Sermon Blog

Sermon - Epiphany (1/6/2019)

Posted by David Yocis on

 Ps. 72:1-7,10-14; Mt. 2:1-12

“In the time of King Herod.”  Jesus was born in the time of King Herod.  The Scriptures do not tell us much about Herod, probably because they assume the original readers of the gospel already knew all about King Herod.  So let me fill you in a little.  King Herod was not born king of the Jews.  He had been a moderately successful military general at the head of an army of mercenaries that had been hired by the Roman Empire, and so one day the Roman Senate, as a reward for services rendered, made him king of Judea.

By the time Jesus was born, Herod was about seventy years old.  The surviving accounts tell us that he was deeply insecure and paranoid.  That he was unpopular because it was perceived that he had been placed in office by a foreign power to serve foreign interests, and that he was being supported by a corrupt religious establishment.  I know it’s hard for some of you to imagine that there could be a ruler like this.  Oh, and he built what is now known as the Wailing Wall in Jerusalem.

I’m sorry, I couldn’t resist having some fun there.  But I really don’t mean to comment on any particular individual.  This is not the time or place for that.  It’s just that, for most of human history, this is what powerful people have been like.  Fawning and accomodating to those above them in the food chain, ruthless and suspicious towards they perceive as weak, measuring accomplishments in the building of monuments and not in personal character or improving people’s lives.  I think it’s safe to say that most human beings have lived “in the time of King Herod,” or someone more or less just like him.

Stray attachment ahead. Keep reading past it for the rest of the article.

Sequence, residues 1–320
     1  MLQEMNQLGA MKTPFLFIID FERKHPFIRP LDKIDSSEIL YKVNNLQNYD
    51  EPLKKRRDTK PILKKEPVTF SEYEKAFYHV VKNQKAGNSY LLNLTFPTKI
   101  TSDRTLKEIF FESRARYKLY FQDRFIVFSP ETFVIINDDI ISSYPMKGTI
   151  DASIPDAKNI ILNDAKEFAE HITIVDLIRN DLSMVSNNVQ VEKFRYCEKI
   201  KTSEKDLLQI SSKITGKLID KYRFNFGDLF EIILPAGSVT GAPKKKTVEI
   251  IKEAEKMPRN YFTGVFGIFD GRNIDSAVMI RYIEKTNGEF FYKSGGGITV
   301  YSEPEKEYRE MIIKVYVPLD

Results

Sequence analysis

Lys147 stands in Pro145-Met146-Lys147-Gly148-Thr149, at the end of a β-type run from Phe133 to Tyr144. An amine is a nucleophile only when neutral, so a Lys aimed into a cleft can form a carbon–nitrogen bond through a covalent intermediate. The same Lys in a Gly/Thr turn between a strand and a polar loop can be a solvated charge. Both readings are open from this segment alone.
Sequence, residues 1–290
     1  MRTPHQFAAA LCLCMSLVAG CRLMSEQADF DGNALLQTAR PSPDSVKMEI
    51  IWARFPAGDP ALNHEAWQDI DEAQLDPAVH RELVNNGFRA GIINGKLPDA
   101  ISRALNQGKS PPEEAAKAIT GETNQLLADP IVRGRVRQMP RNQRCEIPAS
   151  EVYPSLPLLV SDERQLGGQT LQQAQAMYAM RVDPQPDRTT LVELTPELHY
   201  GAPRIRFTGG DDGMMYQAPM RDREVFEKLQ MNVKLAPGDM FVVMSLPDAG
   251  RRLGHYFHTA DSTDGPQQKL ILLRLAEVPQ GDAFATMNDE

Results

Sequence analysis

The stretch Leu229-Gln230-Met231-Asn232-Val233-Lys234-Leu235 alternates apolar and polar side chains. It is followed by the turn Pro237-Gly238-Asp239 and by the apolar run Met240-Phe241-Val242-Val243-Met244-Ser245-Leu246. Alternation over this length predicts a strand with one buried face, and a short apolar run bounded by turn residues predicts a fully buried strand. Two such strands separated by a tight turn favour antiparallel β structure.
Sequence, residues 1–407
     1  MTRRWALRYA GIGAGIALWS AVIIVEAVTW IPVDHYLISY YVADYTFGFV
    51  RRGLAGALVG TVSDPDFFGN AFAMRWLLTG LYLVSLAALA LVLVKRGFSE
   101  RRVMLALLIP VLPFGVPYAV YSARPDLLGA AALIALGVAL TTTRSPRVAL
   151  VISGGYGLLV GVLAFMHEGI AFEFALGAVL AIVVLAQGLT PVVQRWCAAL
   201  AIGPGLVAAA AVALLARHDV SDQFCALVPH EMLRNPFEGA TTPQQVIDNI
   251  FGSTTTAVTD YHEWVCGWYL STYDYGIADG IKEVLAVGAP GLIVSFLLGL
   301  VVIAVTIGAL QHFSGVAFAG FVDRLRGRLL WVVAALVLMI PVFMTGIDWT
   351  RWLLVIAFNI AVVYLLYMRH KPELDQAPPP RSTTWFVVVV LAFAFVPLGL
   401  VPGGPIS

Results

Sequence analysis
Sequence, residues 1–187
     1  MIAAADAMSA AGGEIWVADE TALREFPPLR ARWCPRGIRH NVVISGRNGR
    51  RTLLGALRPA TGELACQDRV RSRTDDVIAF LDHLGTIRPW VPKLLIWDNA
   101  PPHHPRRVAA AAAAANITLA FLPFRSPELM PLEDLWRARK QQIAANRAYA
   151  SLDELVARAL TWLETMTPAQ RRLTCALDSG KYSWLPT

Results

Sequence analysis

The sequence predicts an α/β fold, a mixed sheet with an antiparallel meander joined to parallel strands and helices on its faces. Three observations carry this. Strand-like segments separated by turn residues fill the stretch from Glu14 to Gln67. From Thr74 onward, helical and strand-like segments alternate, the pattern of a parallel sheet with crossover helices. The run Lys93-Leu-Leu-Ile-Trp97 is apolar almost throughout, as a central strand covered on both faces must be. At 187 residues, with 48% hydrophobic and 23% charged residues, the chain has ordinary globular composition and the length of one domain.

And so, in the time of King Herod, there arrived in Jerusalem some Magi from the East.  The term Magi has been translated as “wise men” or as “kings,” but it doesn’t really mean either of those things.  “Wizards” might be the best word we have to describe them.  Experts in ancient and mysterious knowledge, who read the stars for signs of the spiritual forces that hold mastery over the lives of mortals.  Pagans, really – people who do not know the God of Israel nor are expected to know the living God.  Pagans, who naturally think of the gods as being something like King Herod and his clones everywhere in the world, except perhaps a bit more powerful.  And yet, the foreign religious practices of these wizards yield some information that is in fact true:  that the King of the Jews has been born.

And so, they set out to see King Herod to pledge their submission to this newborn king, whose divine power and majesty they have discerned in the skies.  Being pagans, of course, they assume that this king will desire the kinds of gifts that would impress someone like King Herod.  Gold, for starters.  And exotic and expensive fragrances like myrrh and frankincense.  Gifts fit for a king accustomed to grabbing whatever (and whomever) he wants, gifts fit for a king accustomed to displaying his wealth and celebrating his power.